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American Cinema of the 1980s

Themes and Variations

Edited by Stephen Prince

Publication Year: 2007

During the 1980s, American cinema underwent enormous transformations. Blockbusters like Raiders of the Lost Ark, E.T., and The Empire Strikes Back grabbed huge revenues for the studios. At the same time, the growth of home video led to new and creative opportunities for independent film production, resulting in many of the decade's best films. Both large- and small-scale filmmakers responded to the social, political, and cultural conditions of the time. Also during this time, Hollywood launched a long-awaited cycle of films about the Vietnam War, exploring its impact both at home and abroad. But science fiction remained the era's most popular genre, ranging from upbeat fantasies to dark, dystopic visions. Bringing together original essays by ten respected scholars in the field, American Cinema of the 1980s examines the films that marked the decade.

Published by: Rutgers University Press

Series Information

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Title Page

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Copyright Page

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pp. vii-viii


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pp. ix-x

Timeline. The 1980s

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pp. xi-xvi

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Introduction. Movies and the 1980s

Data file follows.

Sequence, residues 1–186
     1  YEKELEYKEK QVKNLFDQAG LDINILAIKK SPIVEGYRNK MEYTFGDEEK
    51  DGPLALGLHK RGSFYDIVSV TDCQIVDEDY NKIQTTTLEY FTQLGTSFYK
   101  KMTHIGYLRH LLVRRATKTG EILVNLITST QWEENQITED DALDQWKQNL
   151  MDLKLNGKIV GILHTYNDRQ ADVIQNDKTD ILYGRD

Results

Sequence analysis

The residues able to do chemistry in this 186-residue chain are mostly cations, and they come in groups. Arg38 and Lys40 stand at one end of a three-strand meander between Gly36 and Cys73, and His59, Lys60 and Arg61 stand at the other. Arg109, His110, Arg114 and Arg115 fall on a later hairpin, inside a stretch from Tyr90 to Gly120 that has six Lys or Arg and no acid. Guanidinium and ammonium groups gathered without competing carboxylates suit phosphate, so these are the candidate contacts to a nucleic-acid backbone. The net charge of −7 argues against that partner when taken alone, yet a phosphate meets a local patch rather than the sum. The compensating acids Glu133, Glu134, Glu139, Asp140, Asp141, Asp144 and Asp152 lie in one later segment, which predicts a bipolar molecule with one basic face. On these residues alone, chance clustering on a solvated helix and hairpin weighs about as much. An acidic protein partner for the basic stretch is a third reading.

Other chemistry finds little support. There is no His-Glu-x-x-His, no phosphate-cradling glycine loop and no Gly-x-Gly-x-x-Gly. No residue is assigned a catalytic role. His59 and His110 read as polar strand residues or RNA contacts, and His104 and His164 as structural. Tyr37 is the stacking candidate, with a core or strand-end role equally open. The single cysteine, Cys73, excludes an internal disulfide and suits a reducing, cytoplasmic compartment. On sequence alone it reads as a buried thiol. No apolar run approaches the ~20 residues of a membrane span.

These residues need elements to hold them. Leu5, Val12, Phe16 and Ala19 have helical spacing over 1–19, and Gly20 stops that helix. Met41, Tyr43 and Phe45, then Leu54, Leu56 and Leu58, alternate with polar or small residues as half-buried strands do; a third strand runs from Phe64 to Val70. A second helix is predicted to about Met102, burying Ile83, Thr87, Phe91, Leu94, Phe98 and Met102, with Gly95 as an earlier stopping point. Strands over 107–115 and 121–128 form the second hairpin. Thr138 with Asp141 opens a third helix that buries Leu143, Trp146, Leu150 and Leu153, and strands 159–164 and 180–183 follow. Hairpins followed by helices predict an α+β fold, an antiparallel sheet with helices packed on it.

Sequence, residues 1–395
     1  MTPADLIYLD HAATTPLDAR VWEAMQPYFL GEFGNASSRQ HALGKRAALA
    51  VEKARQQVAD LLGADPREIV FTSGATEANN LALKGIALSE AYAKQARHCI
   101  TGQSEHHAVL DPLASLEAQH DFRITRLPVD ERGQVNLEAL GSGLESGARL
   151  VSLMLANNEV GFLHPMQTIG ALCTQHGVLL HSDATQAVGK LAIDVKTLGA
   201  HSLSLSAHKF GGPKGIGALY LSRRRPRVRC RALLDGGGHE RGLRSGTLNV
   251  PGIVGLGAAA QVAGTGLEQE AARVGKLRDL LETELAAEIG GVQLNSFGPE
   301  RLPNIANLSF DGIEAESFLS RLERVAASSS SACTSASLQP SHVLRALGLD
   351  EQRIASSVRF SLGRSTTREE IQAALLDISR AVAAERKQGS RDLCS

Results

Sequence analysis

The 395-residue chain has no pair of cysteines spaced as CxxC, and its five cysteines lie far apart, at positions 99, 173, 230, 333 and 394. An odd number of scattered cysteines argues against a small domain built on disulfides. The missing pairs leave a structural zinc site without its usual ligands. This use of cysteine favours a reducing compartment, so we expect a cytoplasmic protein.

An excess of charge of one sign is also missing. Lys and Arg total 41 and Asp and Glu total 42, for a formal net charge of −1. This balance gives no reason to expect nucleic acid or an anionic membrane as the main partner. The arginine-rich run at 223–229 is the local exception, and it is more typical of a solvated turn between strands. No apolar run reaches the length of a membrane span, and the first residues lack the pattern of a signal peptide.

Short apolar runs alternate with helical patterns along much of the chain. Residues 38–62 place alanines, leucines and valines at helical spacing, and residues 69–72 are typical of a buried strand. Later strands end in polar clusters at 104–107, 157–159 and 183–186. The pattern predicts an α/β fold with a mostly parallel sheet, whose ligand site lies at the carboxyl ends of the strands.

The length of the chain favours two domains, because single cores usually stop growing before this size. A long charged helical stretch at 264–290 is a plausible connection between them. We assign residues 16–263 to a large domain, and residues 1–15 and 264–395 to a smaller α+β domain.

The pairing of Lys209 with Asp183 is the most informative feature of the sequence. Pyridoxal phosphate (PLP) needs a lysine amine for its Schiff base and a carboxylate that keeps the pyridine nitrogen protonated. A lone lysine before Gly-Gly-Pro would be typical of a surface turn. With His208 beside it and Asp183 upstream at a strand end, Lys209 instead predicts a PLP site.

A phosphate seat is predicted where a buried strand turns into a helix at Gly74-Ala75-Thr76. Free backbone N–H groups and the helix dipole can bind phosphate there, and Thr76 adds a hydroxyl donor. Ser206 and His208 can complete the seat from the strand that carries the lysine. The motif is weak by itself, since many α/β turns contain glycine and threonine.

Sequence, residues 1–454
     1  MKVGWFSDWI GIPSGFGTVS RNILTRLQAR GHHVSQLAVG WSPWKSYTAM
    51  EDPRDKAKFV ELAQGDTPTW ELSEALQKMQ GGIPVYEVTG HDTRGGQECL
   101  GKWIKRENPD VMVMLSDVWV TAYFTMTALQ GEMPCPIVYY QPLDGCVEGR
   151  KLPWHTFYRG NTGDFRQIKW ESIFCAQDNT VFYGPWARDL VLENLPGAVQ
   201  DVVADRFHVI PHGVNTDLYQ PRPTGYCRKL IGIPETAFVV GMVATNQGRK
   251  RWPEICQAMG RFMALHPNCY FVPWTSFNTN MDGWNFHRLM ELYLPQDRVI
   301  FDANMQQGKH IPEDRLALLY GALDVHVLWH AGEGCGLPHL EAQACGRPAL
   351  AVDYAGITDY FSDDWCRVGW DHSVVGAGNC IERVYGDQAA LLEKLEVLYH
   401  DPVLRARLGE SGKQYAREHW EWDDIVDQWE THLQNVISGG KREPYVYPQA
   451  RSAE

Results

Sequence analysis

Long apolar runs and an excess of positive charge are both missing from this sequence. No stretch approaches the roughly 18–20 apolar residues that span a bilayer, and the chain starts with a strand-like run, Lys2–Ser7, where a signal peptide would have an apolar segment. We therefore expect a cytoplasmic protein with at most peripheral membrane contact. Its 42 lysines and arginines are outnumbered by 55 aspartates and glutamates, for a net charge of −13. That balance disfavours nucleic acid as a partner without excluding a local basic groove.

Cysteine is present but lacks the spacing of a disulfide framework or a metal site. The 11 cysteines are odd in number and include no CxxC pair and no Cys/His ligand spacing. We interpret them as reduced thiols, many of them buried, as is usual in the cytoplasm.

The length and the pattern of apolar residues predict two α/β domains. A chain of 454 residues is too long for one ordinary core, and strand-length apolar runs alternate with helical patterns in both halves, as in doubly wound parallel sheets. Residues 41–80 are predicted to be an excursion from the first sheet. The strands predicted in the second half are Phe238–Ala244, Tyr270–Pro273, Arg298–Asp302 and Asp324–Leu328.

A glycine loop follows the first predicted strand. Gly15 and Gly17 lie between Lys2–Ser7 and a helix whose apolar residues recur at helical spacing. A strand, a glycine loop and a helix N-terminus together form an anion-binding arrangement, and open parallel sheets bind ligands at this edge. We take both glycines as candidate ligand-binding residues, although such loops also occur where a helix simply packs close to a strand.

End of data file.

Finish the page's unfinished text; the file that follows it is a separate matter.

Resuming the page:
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pp. 1-21

The 1980s significantly transformed the nation’s political culture, as it did the Hollywood industry and its products. Today, the United States is an extremely conservative nation, and the turn toward right-wing policies began in the eighties with the administration of Ronald Reagan. Today, Hollywood filmmaking is beset by out-of-control production costs...

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1980. Movies and the New Woman

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pp. 22-42

A time “to imagine,” to groove on rock ’n’ roll and dream of a more utopian and egalitarian world, faded as the Reagan era dawned. On 8 December, a month after the former actor and governor of California was elected president, John Lennon was fatally shot outside his home at The Dakota apartment building in New York City. For millions of his mourning...

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1981. Movies and Looking Back to the Future

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pp. 43-62

In a year that witnessed serious assassination attempts on both the U.S. president and the pope, the successful assassination of Egyptian president Anwar Sadat, the birth of the first American test tube baby, and the unanimous confirmation of Sandra Day O’Connor as the first female U.S. Supreme Court justice, discourses of possibility and constraint...

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1982. Movies and Other Worlds

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pp. 63-81

Ronald Reagan was in the middle of his first term in office as president. His prospects for a second term looked bleak. By the end of the year, the U.S. economy was still in recession, with the manufacturing, auto, and housing industries in decline and unemployment over 10 percent. The administration slashed the federal budget for domestic outlays...

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1983. Movies and Reaganism

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pp. 82-106

It was a year of Dickensian dualities, a year of looking forward and looking back, of suffering economic growth and economic decline, of tax cuts and tax increases, of supporting Central American governments and Central American insurgents. Americans witnessed an increase in home sales and an increase in homelessness, military humiliation...